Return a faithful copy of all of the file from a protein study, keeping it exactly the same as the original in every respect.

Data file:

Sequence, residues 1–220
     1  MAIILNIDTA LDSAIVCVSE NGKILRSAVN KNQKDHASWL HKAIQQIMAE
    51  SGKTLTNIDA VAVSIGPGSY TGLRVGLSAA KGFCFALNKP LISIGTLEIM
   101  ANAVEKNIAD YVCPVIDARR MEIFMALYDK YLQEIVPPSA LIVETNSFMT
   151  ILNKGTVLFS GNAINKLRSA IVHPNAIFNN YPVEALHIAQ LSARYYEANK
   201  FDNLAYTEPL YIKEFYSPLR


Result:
Sequence, residues 1–220
     1  MAIILNIDTA LDSAIVCVSE NGKILRSAVN KNQKDHASWL HKAIQQIMAE
    51  SGKTLTNIDA VAVSIGPGSY TGLRVGLSAA KGFCFALNKP LISIGTLEIM
   101  ANAVEKNIAD YVCPVIDARR MEIFMALYDK YLQEIVPPSA LIVETNSFMT
   151  ILNKGTVLFS GNAINKLRSA IVHPNAIFNN YPVEALHIAQ LSARYYEANK
   201  FDNLAYTEPL YIKEFYSPLR